Call a magnet manufacturer and ask to speak to their longest tenured engineers. Have them explain how magnets were made 50 years ago vs today. And yet every pickup manufacturer has "exact re-issues". It's essentially false advertising. I'm affiliated with Klein pickups so I know what he went through to get accurate magnet repros made. You think magnets are simple until you try to replicate exactly what they made in 1958. Finding the Holy Grail would probably be easier.


    The original Jensen speakers used silk in the cone formula, which no one does today due to expense. When asked why the re-issues sound different, they say "age". That's hilarious since anyone who knows anything about speakers knows they break down over time, not "improve with age".


    Many English speakers such as Fane and Celestion used Pulsonic cones. The Pulsonic factory burned down in the early 70's and all the cone formulas were lost forever. Do these speaker companies admit they don't know how to make the cones? Nope.


    Bottom line, if you think you've gained any fundamental knowledge of why things sound a certain way from reading guitar forums and magazines, abandon that notion. Almost everything guitar players are told is false, because there's no practical way for them to know otherwise. Due to constant repetition on forums and magazines, the falsehoods become universally accepted, except by those with first hand knowledge.


    I've known many designers and manufacturers over the years and without exception, every dinner conversation consists of laughing at the misinformation that's accepted and repeated as "fact" on guitar forums. The ideal way to conduct your own research and experiments is by purchasing high priced vintage pieces and have them melted down for analysis in metallurgical laboratories and then scour the earth for those materials and contract an oversees manufacturer to replicate each component.

    Unless you have a job, relationship, or hopes of a normal life. But that's where you'd start.
     
    Last edited: Jun 12, 2019
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  15. captaincoconut

    captaincoconut Member

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    I have reliable information that Stevie''s TS808/TS9 actually had a Klon Centaur pcb inside. The green enclosure was just for the looks, because it was easier to see on stage.
     
  16. Radar

    Radar Member

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    This is all very interesting. So, what variations would you typically see in vintage tube screamers that make one sound golden compared to the other?
     
    Last edited: Jun 12, 2019
  17. Telefunky

    Telefunky Member

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    Good question because I've never seen two with the same components. I even purchased two from the same month and even THOSE had different parts! One sounded great with singles, the other with humbuckers. Beyond frustrating.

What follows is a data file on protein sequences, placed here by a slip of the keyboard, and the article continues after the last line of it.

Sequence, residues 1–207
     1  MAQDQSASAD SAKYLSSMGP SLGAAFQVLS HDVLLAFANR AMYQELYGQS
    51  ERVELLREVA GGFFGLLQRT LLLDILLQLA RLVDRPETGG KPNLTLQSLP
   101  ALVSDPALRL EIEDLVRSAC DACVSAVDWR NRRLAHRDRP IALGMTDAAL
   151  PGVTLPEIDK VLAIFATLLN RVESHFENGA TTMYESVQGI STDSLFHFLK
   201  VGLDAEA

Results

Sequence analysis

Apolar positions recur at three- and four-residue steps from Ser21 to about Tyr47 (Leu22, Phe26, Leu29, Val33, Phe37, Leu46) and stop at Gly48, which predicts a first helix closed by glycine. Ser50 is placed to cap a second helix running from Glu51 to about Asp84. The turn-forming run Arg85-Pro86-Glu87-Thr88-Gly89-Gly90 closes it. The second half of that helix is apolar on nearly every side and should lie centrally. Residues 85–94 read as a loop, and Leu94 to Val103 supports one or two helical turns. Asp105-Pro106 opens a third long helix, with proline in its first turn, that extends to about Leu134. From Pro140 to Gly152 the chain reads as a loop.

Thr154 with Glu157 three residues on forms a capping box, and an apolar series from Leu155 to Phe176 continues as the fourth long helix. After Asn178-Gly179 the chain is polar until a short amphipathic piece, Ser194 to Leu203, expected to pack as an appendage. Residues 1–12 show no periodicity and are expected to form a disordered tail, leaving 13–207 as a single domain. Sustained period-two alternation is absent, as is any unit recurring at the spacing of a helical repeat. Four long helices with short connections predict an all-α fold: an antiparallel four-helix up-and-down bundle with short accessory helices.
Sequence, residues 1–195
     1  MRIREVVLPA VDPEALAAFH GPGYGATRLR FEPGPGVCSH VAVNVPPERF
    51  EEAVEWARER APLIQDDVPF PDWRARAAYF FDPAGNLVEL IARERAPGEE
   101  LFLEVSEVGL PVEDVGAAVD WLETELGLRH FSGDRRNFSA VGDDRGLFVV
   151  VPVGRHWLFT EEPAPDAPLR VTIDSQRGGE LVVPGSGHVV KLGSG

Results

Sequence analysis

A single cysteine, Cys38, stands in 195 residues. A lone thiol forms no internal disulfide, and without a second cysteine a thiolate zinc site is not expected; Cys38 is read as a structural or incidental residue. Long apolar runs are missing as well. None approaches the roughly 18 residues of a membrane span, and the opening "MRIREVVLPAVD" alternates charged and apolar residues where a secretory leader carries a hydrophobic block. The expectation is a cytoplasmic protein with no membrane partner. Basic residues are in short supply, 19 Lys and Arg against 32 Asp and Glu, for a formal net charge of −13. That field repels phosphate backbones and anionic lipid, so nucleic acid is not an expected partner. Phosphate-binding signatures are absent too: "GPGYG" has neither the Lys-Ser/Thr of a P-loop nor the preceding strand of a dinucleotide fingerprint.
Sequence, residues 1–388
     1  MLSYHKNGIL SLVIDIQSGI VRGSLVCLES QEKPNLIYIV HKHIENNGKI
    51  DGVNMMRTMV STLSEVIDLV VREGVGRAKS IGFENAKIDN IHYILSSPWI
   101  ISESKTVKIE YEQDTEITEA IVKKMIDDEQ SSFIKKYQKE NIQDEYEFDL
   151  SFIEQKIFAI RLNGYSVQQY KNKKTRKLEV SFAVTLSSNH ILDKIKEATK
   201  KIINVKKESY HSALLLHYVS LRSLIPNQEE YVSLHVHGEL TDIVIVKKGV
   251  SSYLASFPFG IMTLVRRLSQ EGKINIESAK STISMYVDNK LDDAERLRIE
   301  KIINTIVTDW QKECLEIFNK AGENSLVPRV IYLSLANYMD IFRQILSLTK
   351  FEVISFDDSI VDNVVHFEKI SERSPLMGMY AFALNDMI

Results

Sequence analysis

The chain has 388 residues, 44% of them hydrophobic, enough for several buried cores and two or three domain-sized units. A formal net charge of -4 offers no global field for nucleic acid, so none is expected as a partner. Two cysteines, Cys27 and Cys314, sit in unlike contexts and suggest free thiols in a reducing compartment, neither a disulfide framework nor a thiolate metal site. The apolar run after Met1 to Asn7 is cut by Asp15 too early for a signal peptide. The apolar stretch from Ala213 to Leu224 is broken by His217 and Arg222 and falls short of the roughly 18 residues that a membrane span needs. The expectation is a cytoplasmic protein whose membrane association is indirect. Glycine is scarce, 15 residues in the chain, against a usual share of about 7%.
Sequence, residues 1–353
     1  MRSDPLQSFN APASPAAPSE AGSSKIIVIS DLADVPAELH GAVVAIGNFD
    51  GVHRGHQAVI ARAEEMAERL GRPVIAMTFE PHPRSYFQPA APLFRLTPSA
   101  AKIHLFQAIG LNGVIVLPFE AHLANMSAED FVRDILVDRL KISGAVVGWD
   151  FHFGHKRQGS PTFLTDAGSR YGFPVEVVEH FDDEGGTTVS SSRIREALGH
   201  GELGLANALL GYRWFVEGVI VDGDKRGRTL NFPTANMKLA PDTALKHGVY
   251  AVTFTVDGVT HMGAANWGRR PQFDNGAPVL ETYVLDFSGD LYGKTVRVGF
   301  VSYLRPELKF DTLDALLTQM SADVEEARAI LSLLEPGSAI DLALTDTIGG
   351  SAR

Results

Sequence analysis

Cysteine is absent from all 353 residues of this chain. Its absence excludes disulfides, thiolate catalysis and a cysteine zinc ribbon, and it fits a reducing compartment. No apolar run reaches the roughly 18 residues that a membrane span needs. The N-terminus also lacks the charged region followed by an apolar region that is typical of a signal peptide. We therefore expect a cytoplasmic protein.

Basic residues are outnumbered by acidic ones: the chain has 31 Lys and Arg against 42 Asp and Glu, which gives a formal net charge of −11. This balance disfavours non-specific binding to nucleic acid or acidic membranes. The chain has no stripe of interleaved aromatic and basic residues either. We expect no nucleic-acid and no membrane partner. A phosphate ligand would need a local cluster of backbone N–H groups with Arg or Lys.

I mentioned in my first post that SOME vintage Tube Screamers are worth the investment, but people make the mistake of buying them without a return policy. That's a MAJOR risk. Gotta play it in person to know if it's a great one.

    The guy who paid me a grand to swap vintage TS-808's actually came out ahead because I've never found another that compares.
     
  18. Tone_Terrific

    Tone_Terrific Supporting Member

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    What were the sonic differences and what do you think were the main culprits in the circuit that causes them?
     
  19. Telefunky

    Telefunky Member

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    It's hard to describe these qualities but I'll give it a shot.

    It was smooth, complex and detailed rather than harsh, grainy and transistor-y. It never occurred to you that your signal was being clipped in a 9-volt solid state circuit because it had this soulful 3-D "horn-like" quality. I want to say it amplified every nuance accurately, yet somehow made playing way easier under the fingers. Also, you could run the drive low and still have enough smooth sustain for all types of hot licks. It sounded beautiful and helped you play your best and inspired more creative playing, which is a KEEPER in a piece of gear!! I could go on for days but I'm getting depressed, LOL!


    Regarding what specific elements combined to make it a 'golden' pedal, that's the dragon we're all chasing. Very few men have ever mastered those things; that's the realm of electronic geniuses like Seth Lover, Ken Fischer, Howard Dumble etc...


    There's another head scratcher too; for some mysterious reason, almost every piece of gear that SOUNDS incredible usually PLAYS incredible. This applies to amps, pedals, guitars, etc...
    There's an undeniable connection in the electronic world between tone and performance. It's very rare that you play a piece of gear that sounds really good but makes it harder to play. Yes it happens, but not much. Mostly what you find is: "this piece sounds great and feels great too".
     
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  20. Tone_Terrific

    Tone_Terrific Supporting Member

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    That's because you do not 'feel' the sound, but you do react to the gear's responsiveness based on its auditory output (to your ears) that it provides, when given the physical input you provide. Sounds good when I play is verbalized as 'feel.'
    Latency, for example, cannot be felt, but the lack of immediacy, to the ear, makes the response seem late to the touch/input i.e. feels late.
    You cannot 'feel' lateness, only sense the passage of time.
    Yessir.